Court Monitor

Rare Loss for Free Speech

Free speech claims before the U.S. Supreme Court have almost always won in recent years. An unlimited right to sell violent video games to children, for example, was established by calling it free speech. The Court also recently struck down an overall monetary limit on campaign donations, by viewing it as free speech. And the Court invalidated, on free speech grounds, a federal law that punished people who lie about having received military honors, known as "stolen valor."

Citizens United, the decision on campaign finance that caused such a furor among liberals and even a rebuke by President Obama of Supreme Court Justices during the State of the Union address in 2010, was based on a constitutional right of free speech. A voting bloc of five on the Court -- the five most conservative Justices -- have repeatedly supported broader free speech rights in the political arena.

Until the end of April of 2015, that is. Chief Justice John Roberts shifted from the conservative to the liberal side in a case about whether States may prohibit judicial candidates from asking for donations in order to finance their campaigns in judicial elections.

In most states judges must stand for election. If a judge is a liberal, then he benefits from positive publicity and newspaper endorsements that liberals typically receive. But if a judicial candidate is a conservative or someone outside of the establishment, then he will need to raise and spend money in order to have a chance of winning.

Thirty states, including Florida, have laws that prohibit judicial candidates from asking for campaign donations. These laws make it more difficult for a candidate to raise enough money to overcome advantages enjoyed by a media-favored incumbent.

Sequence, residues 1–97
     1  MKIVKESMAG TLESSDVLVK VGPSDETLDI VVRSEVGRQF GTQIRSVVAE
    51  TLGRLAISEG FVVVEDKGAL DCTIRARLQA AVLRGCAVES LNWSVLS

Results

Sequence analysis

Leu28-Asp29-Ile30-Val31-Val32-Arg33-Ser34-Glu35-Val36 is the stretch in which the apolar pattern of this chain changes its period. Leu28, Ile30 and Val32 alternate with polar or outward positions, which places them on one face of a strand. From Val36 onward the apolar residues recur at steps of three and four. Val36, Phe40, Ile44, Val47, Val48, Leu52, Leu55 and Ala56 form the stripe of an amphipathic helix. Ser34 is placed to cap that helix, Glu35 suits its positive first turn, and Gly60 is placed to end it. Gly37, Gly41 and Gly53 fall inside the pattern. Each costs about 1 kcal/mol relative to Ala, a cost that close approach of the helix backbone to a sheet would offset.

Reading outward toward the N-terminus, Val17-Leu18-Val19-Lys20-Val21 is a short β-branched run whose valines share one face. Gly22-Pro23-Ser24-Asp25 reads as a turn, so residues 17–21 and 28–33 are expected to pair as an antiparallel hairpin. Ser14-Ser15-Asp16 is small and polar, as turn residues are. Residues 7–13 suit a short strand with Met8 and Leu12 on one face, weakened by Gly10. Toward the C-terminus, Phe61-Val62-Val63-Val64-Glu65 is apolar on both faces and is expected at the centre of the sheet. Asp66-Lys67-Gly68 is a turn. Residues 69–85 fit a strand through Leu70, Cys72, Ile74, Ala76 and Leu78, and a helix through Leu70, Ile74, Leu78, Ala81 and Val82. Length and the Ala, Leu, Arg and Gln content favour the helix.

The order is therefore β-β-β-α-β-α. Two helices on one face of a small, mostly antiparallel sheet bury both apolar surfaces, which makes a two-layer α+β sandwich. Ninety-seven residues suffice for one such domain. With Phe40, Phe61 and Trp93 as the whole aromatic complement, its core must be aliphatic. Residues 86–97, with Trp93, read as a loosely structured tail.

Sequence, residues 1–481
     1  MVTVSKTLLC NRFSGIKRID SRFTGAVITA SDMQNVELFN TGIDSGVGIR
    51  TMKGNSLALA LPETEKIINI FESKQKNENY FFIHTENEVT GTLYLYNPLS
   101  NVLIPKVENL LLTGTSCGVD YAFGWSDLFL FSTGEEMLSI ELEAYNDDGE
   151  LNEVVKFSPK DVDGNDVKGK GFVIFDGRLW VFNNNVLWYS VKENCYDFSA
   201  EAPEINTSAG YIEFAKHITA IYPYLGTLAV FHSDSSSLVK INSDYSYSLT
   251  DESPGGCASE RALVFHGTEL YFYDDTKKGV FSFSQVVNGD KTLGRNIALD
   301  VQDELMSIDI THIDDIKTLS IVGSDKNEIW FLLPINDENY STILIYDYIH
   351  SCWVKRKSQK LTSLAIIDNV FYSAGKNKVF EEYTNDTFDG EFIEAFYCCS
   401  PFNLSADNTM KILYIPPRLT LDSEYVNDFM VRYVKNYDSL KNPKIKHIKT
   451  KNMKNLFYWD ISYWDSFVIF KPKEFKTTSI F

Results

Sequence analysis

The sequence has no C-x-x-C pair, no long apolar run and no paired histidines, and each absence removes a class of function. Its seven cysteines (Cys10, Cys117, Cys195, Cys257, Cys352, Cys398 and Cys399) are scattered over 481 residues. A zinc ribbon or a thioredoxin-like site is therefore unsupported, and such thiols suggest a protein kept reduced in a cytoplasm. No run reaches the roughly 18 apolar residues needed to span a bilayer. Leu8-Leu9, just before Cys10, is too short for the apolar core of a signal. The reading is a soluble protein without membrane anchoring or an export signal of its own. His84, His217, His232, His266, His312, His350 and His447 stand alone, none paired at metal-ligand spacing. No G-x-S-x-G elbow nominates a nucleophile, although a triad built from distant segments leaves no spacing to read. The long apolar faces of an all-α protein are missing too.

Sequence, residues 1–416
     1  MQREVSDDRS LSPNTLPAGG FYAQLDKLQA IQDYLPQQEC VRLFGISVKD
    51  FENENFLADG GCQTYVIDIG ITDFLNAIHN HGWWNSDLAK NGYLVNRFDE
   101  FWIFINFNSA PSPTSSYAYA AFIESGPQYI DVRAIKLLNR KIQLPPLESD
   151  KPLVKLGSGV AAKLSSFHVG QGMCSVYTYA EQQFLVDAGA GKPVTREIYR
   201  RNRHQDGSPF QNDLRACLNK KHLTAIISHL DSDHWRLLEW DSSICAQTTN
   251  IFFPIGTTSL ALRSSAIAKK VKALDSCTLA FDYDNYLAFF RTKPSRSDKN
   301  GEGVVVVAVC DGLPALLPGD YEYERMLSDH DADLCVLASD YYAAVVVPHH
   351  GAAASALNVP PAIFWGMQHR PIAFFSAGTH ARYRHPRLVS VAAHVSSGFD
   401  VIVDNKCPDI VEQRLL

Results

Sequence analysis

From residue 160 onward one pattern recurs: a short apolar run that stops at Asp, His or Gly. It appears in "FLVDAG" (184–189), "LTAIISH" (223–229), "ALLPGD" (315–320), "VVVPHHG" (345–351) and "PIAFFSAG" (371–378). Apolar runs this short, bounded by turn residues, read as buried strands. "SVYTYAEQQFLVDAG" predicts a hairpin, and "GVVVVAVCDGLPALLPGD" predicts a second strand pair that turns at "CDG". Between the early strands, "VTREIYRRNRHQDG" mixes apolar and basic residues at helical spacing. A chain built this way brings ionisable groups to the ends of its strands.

A sharply divided Supreme Court found that these laws do infringe on the First Amendment right of free speech, but that the infringement is justified by a compelling state interest in the appearance of judicial integrity. Williams-Yulee v. The Florida Bar, 2015 U.S. LEXIS 2983 (Apr. 29, 2015).

"Judges are not politicians, even when they come to the bench by way of the ballot," Chief Justice Roberts pompously declared in writing for himself and the four liberal Justices on the Court. "And a State's decision to elect its judiciary does not compel it to treat judicial candidates like campaigners for political office," he added for the 5-4 Court.

State laws could simply require recusal by any judge who has asked for donations from a party before him, if there were a real concern about an appearance of impropriety.

The practical effect of this ruling is to prohibit direct mail solicitations by judicial candidates. Indeed, this case arose because a judicial candidate, who had served poor defendants as a public defender, had signed and sent out a direct mail solicitation asking for contributions between $25 and $500. The Florida state bar reprimanded her for that conduct, and fined her $1,860.

Justices Scalia, Kennedy and Alito each wrote separate dissents -- which is unusual -- and Justice Thomas joined Justice Scalia's dissent.